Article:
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Mt. Etna


Mount Etna: When Mother Nature rumbles

Pele, the Hawaiian goddess of fire, is at work when Kīlauea yields its fiery lava. According to the ancient Greeks, Atlantis was sunk by the gods during a terrible night of earthquakes and fire.  Sparks flew from Mount Etna when Vulcan, the Roman god of fire, was angry. The world takes notice when Mother Nature speaks. One of the most active volcanos on the earth, Mount Etna, is a spectacular place to visit for scientists and tourists alike who are looking to see the forces of nature at work. And while the unfortunate eruption at Mount Stromboli makes residents and tourists fearful, there are many reasons to continue to explore Etna. 

What makes Etna and Stromboli different is type of activity these two volcanoes display. “Stromboli has been erupting continuously for thousands of years,” says Hubert Staudigel, a Volcanologist at UC San Diego. “The Romans called it the lighthouse of Naples, because they could navigate by the glowing lava coming out pretty constantly day and night. Very small quantities of lava come out with each little burst, but it shows that the vent to the Stromboli magma chamber is open all the time. That means it never builds up much pressure preventing cataclysmic eruptions. Also, the constant small eruptions make enough seismic noise that it is hard to predict somewhat (very rare) bigger eruptions like the one happening recently.”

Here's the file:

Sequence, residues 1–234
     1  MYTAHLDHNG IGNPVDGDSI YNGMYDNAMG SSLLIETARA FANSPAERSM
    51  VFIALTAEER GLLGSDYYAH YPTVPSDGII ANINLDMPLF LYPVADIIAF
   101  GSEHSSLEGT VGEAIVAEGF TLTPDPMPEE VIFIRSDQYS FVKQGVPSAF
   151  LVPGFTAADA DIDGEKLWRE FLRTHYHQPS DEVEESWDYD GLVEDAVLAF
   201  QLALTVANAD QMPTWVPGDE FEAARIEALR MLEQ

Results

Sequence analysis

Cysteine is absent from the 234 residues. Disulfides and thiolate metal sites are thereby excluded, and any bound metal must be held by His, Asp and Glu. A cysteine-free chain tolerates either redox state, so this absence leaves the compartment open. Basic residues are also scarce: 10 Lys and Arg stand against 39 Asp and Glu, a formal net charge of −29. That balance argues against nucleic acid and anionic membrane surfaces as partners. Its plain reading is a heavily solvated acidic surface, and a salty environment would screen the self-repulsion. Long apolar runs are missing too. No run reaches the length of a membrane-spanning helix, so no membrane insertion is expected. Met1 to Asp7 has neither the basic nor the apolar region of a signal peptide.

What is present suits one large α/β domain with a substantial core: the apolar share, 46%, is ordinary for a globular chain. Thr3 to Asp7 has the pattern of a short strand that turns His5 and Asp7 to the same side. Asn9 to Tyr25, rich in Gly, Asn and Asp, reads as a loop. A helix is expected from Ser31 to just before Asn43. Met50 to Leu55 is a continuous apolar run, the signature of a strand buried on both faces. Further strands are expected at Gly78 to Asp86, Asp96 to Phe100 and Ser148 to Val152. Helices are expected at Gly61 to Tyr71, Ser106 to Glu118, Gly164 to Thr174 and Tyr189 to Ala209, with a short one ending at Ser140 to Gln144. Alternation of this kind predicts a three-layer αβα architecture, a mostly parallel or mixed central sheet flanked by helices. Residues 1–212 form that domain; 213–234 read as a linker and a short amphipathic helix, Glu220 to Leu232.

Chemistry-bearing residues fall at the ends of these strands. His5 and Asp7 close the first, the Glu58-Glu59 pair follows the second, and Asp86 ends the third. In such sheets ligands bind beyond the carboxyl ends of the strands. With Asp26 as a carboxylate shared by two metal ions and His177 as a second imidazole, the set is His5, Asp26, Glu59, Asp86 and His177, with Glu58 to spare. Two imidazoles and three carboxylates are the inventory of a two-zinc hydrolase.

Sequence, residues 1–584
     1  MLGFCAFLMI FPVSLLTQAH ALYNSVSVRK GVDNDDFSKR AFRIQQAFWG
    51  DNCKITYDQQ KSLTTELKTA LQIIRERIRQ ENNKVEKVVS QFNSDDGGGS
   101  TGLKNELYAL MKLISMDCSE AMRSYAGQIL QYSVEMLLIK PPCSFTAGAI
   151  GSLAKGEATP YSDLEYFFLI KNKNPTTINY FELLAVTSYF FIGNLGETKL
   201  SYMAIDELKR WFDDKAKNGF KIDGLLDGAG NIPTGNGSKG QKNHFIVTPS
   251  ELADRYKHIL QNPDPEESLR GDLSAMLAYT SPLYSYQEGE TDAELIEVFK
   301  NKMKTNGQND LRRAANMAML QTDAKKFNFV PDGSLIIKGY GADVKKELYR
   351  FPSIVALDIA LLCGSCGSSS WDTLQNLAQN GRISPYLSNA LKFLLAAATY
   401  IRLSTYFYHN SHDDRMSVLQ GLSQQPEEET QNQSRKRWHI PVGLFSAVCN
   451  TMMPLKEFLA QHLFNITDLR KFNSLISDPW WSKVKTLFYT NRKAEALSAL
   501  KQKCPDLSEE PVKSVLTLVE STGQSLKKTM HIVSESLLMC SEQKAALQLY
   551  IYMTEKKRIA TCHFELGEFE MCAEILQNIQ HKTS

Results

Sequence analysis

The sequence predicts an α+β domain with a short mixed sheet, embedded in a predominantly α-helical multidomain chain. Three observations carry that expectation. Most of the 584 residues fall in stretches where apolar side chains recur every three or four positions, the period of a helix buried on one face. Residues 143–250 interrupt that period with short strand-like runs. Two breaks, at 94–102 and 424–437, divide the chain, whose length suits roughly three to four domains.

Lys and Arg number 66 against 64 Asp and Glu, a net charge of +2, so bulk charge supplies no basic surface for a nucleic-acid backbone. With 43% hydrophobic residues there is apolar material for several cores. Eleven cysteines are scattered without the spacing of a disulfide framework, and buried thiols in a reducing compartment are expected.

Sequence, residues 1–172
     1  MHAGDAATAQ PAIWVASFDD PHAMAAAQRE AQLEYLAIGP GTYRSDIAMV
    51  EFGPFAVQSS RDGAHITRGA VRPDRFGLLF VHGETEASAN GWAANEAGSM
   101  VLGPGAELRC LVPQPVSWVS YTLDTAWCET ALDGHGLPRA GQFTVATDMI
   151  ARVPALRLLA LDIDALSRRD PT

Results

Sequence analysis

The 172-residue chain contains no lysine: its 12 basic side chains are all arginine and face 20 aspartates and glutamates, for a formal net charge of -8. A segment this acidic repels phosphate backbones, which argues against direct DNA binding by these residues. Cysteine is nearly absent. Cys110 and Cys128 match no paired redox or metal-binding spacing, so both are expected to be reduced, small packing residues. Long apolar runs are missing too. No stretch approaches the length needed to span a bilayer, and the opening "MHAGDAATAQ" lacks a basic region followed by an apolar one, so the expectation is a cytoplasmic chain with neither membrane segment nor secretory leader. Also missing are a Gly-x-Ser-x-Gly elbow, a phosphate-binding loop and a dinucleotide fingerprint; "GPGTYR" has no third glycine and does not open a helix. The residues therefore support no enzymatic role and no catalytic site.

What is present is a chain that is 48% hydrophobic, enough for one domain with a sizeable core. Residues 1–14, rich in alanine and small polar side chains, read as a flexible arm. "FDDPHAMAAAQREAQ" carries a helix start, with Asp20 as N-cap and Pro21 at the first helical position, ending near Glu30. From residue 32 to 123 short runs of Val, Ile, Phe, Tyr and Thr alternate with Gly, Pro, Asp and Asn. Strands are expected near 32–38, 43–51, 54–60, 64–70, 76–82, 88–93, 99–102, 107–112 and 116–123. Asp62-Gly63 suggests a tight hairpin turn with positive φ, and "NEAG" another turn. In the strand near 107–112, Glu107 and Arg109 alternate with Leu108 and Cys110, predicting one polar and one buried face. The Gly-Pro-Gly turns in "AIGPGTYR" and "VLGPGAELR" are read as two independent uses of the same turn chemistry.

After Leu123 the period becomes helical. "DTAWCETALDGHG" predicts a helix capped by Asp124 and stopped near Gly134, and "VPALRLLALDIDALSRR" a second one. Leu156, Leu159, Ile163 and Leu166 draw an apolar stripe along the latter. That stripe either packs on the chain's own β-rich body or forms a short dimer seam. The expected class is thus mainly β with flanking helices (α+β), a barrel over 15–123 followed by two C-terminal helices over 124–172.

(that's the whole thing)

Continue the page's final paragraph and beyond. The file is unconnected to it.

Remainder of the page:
Volcanoes remind us of the primordial forces at work in the world we live in, which make them both fascinating and frightening. While the Stromboli eruption was unexpected, there are ways scientists monitor volcanoes. In Italy, the National Institute of Geophysics and Volcanology (INGV) carries out research, monitoring and surveillance and notifies government and the public of significant activity. Dr. John Murray of Open University has been studying Etna for over 50 years. He and his colleagues recently published their findings that Etna was sliding downward, an event slow in process but something that needs monitoring. “I would say there is currently no cause for alarm, but it is something we need to keep an eye on, especially to see if there is an acceleration in this motion,” Dr John Murray told BBC News. 

And while events like the Stromboli eruption are unpredictable, Cultural Italy relies on the expertise from the nature guides on Etna. These experts get their information directly from the Visitor’s Center on Etna, which provides educational and research services to tourists and scientists and is open year-round. Spanning over 25 miles, Etna has many trails in non-active areas. At different times of the year, the mountain may have snowfall and if lava is actively flowing in different areas, the experts know where to safely observe. There is a range of free learning courses about volcanoes on The Open ¬University’s website or visit the Etna Visitor’s Center website at


Jennie Olson Six


Palmer, Jane “Why Ancient Myths about Volcanoes are often true”, BBC News Online 3/18/2015 7/9/2019
Amos, Jonathan “Mount Etna is ‘sliding towards the sea’”, BBC News Online  3/24/2018 7/9/2019